My dad was a wise and hard-working man. He told his six children, “Leave your place cleaner than you found it.” Somehow his example stuck. Took forty high schoolers camping at Sequoia. Told them to keep the bathrooms clean. Said we would be checking. The Ranger came by because they had never seen the bathrooms that clean. They expected the opposite from rowdy teenagers. Thanks, Dad, for a good example.
One dad told his wife, “I’ll bring home the money and you can set the tone in the home.” Wrong. The reason some guys think the Christian life is for girls is because Dad provided well but led poorly and was distant. Not mine.
My dad didn’t raise his voice with us. Never. Felt badly the few times I used volume to leverage control, and I am not even Italian. Volume is manipulative. The Good Shepherd leads with gentleness and lowliness. Dads, take your cue from Jesus, not a coach. There’s a reason that in the only two places the New Testament focuses on parental responsibilities, it speaks to husbands, and the first words are negative: “Fathers, do not provoke your children to anger, but bring them up in the discipline and instruction of the Lord” (Eph. 6:4; Col. 3:21).
Does it bless you that the most powerful Person in the universe is the least controlling? When the prodigal wanted to leave home, the father didn’t take away his keys. He even gave him the inheritance. He knew that the son had already left in his heart. He used love to influence, not force to control–and it worked. “Love never fails!” I never doubted my dad’s gentle love.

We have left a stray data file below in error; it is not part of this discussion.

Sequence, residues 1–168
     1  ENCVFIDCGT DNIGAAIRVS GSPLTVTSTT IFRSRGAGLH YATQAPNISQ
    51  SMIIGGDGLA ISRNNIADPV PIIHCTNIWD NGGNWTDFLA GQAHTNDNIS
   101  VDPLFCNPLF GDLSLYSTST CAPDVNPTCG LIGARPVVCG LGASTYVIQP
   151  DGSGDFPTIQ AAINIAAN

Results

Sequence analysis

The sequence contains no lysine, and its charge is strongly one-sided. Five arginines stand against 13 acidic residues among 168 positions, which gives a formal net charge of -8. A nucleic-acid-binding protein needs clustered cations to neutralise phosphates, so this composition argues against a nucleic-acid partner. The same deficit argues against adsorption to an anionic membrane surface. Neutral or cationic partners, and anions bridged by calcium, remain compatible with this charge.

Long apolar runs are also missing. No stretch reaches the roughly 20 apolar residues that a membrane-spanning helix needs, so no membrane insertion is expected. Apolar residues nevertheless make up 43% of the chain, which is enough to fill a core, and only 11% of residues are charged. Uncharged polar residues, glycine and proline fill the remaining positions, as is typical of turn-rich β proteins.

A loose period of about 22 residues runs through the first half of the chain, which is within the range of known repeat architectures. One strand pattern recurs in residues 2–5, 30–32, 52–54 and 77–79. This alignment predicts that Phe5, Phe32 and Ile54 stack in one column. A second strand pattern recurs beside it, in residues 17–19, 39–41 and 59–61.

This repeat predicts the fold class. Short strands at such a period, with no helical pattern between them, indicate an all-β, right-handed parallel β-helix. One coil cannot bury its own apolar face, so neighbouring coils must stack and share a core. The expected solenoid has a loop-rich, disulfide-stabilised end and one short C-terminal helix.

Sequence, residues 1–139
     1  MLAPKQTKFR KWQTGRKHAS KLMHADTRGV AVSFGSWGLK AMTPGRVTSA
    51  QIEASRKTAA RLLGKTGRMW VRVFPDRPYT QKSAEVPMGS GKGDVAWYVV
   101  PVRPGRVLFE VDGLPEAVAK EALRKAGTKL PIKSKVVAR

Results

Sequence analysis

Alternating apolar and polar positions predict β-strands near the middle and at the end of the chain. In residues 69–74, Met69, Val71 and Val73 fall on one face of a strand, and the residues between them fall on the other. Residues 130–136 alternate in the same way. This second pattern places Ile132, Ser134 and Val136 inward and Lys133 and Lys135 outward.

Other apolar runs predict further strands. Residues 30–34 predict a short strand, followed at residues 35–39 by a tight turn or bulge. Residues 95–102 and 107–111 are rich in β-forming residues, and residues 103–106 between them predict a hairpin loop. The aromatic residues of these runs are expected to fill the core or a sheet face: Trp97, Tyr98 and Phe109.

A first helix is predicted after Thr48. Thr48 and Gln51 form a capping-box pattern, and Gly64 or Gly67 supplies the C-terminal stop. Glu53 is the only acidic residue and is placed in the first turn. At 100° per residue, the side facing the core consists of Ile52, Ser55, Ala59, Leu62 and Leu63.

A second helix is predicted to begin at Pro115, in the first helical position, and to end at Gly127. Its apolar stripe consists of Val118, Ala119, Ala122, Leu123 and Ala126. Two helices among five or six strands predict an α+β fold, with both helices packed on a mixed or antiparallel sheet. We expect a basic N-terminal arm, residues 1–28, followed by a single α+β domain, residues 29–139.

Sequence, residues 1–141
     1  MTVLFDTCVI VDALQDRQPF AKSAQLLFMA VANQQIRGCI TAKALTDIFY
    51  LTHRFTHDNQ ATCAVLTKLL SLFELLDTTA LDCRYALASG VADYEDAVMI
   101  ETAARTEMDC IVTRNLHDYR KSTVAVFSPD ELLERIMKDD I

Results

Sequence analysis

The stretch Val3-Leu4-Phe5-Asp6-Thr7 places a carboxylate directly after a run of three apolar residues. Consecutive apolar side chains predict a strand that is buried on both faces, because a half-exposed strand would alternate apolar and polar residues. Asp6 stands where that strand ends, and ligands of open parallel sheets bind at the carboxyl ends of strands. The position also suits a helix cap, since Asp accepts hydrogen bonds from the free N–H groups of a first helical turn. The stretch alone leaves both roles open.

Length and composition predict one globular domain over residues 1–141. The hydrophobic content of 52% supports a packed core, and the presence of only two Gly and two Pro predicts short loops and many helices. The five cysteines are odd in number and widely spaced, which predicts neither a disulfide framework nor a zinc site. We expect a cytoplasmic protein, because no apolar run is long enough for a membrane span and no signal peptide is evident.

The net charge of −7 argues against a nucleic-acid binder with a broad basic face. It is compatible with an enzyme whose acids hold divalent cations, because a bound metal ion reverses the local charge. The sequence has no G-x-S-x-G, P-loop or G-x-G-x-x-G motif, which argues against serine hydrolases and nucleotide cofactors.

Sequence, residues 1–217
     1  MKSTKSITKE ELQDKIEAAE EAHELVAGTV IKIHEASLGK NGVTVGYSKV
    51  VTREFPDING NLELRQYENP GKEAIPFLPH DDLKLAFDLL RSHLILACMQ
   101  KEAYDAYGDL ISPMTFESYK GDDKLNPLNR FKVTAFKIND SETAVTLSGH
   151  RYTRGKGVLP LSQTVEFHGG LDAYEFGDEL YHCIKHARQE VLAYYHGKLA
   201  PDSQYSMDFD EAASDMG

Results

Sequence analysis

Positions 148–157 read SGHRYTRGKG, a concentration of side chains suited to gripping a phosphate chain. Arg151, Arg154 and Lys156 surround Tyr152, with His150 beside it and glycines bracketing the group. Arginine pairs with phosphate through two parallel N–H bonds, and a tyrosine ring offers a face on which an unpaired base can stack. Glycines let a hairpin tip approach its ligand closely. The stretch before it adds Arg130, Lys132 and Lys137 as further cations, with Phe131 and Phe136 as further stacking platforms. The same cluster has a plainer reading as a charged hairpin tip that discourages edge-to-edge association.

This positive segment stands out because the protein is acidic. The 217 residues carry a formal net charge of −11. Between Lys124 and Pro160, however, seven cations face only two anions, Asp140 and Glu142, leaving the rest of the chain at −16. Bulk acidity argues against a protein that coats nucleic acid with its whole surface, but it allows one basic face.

KEEP THEIR VOWS.
I never saw my parents fight. They had disagreements, and I know they had their tough times, but we saw Dad loving Mom and Mom respecting Dad. I often sat next to her in church. When my dad said something in his sermon that was on the edge, she would squeeze my hand and say, “Oh, Andy!” very softly. When we all got home, she had nothing but affirmation for the man who obeyed his vow to love her until death parted them.
SPEND TIME WITH KIDS.
I got the feeling that my dad enjoyed being with me. Once he made me a t-bone steak before a basketball game, then sat down and watched me eat it while we talked basketball. That memory is imprinted on my mind for life. Can’t say I remember more than a couple of the nine hundred sermons I heard him preach.
When I spent a summer during college days at the headquarters of Campus Crusade for Christ, I learned a lot about running a church, and I told my dad a few of them. He only had thirty years of experience. Years later, after I became a pastor and saw how difficult it was, I went back to my father and acknowledged that I was an idiot. The way he forgave me said that he had never thought about it–and never would. It helped me see how God forgives–and loves! Thanks, Dad!